Fuse the hot side of the solar panels before the charge controller with a 10 amp blade fuse to start with and fuse the hot side of the charge controller at the battery with the same size.
 The only variable would be is if you have 3 175 watt panels, fuse it a little bit higher. The rule of thumb would be the total current output of the panels (amps)should be matched with the amperage of the fuse.

Posted by Steve Bird on Jul 22, 2006 04:31 pm

#18 -  Renewable Energy > Technical Discussion: Other > Re: Small wind installer near central Maine
Hello Brian;
 First check the best area for your turbine. You should be 30ft. above the treeline within a few hundred feet or so. Check
 This site gives you all you need to know for a do-it-yourselfer.

Posted by Steve Bird on Jul 22, 2006 04:18 pm

#19 -  Renewable Energy > Technical Discussion: Other > Re: Wind System
Hi Richard;
 Yes, you do need a larger system, but you can get 12 volt fridge's also. I was thinking that you may be in an area where solar may be less of a hassle with the tower and all. For what I remember, Honduras has about 100% sun year round. Maybe that solar would be your best bet for primary and wind as secondary.

Posted by Steve Bird on Jul 22, 2006 05:37 am

#20 -  Renewable Energy > Technical Discussion: Other > Re: Wind System
Hello Richard;
 I see the points well taken from Kenny and Jonny, seems so very expensive and complicated from a do-it-yourselfer view. Let me outline my system and will stand back for a while. I have 2 Air-X 400's 12VDC on my 80 ft tower..cost $1070 for both new. 100ft of #8 jacketed copper wire.. $135 new, (this is run down the tower to the charge controller) Charge controller $165 new. 6-15 watt solar panels (matching) $630 new. 3500 watt 12vdc to 110vac $235 new. Handheld voltmeter $65 new. This totals around $2000 not including my labor. I installed this in about two weekends and have been tinkering ever since (about two years). I originally used 4 deep cycle boat batteries with no problems, but since upgraded to 6 chloride batteries at about $200 each. All above NOT including batteries were purchased on Ebay and delivered to my home here in New England. Now for the rest of the story, I run my home 95% on this system, I am grid connected and only my refrigerator, water pump and my garage apartments clothes dryer and refrigerator are on the grid.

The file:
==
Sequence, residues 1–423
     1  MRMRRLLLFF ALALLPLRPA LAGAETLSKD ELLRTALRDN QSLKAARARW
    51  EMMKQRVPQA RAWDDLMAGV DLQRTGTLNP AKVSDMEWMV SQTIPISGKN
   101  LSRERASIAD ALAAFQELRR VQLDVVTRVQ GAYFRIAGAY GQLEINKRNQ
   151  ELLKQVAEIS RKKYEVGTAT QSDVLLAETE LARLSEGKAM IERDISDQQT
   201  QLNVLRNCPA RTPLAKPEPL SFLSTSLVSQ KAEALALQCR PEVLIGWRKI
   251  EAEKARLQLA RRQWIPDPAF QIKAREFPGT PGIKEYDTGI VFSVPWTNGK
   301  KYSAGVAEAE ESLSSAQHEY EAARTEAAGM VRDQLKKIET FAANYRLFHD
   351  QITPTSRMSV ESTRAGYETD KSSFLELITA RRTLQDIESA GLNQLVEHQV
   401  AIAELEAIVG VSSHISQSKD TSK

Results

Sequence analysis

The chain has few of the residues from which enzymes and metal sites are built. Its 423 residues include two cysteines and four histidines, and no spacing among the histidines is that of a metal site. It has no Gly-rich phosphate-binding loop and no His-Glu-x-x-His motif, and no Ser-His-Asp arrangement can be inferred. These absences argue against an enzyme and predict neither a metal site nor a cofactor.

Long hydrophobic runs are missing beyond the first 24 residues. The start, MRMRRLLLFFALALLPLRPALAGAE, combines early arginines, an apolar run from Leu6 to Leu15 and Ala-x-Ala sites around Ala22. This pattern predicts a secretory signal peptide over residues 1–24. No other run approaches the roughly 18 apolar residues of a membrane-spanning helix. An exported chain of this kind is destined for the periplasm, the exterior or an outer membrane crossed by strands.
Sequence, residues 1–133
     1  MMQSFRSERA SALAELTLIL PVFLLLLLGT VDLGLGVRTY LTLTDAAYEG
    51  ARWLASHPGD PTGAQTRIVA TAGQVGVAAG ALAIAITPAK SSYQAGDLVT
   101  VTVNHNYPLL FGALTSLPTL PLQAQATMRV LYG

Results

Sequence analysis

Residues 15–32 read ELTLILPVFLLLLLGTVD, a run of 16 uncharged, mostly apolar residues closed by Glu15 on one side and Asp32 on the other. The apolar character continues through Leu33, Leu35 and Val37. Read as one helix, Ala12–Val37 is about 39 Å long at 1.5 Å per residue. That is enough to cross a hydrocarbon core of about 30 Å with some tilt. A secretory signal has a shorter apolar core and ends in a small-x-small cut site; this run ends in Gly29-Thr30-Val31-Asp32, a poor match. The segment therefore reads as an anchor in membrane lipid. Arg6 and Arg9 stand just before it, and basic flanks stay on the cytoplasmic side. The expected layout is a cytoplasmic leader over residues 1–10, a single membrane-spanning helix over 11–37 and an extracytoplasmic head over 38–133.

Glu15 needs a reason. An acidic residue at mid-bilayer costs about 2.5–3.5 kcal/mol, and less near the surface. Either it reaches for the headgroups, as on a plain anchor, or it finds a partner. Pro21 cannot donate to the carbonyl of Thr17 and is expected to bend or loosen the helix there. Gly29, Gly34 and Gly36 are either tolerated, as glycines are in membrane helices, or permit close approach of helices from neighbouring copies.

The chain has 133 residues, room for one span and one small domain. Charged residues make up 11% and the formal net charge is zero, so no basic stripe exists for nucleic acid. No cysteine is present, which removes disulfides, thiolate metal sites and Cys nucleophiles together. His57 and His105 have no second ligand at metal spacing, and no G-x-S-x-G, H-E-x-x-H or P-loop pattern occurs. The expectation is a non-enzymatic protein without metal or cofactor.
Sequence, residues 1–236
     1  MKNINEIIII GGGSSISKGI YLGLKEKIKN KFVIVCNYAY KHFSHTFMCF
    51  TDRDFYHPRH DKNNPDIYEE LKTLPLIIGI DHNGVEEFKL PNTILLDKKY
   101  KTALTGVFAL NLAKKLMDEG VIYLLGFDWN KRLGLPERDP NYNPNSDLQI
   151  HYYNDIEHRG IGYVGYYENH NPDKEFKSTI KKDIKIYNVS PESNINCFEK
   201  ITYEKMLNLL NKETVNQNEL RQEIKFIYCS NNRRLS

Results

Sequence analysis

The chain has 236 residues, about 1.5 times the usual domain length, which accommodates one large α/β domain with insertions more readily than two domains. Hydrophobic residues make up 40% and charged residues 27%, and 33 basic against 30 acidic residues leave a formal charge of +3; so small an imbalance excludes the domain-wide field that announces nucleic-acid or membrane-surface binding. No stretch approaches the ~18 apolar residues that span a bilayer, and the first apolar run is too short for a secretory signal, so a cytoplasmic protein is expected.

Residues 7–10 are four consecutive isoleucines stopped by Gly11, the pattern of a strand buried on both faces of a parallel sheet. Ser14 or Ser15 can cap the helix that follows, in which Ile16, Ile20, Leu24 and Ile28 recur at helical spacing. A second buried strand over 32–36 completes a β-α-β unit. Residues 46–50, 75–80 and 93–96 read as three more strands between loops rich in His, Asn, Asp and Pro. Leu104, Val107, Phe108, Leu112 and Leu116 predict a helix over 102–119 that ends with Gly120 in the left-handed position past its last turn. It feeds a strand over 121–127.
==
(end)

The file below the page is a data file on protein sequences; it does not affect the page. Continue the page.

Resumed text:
I have recently built and installed a tracking system for the solar panels to follow the sun all day for about $200 in parts again on Ebay delivered.
 Nothing complicated, no burned parts, no burned fingers, no shocks, simple me can work on it and simple me built it!

Posted by Steve Bird on Jul 6, 2006 09:37 pm

#21 -  Renewable Energy > RE General Discussion > Re: 12V LED Lights
 Just connect the LED wiring to the battery posts and you will be all set. The load side connects there anyway.

Posted by Steve Bird on Jul 6, 2006 06:57 am

#22 -  Renewable Energy > Technical Discussion: Other > Re: Wind System
Hello Richard;
 I have a bit of experience with what you are speaking. If you have easy access to the tower site, put your equipment at that location with 24 or 48 volt charging and conversion and bring 110v to your home. If not an easy access, use the higher voltage(ie:220v) to bring the power down to your home then do your charging and conversion there.In all cases, use the largest wire you can afford...NO KIDDING, for the 400 ft. run. The cost of the wiring will be high, but you will loose a huge amount of current with smaller wire and with larger wire you will gain the benefit of low or no loss. Talk to a local electrician or power company to see if they have a wire scrap pile for the taking and use that for your feed to your home. Most of that heavy type of wiring is used for "house drops" by the utility company can be spliced with common electical "bugs" available at your local hardware store. String it in a safe manner from tree to tree as this is not suited for burial and fuse both ends. It is a lot of labor, IT HAS TO BE DONE THIS WAY or all is lost.
 I hope this helps a bit! Contact me if I can help at all.
              Steve Bird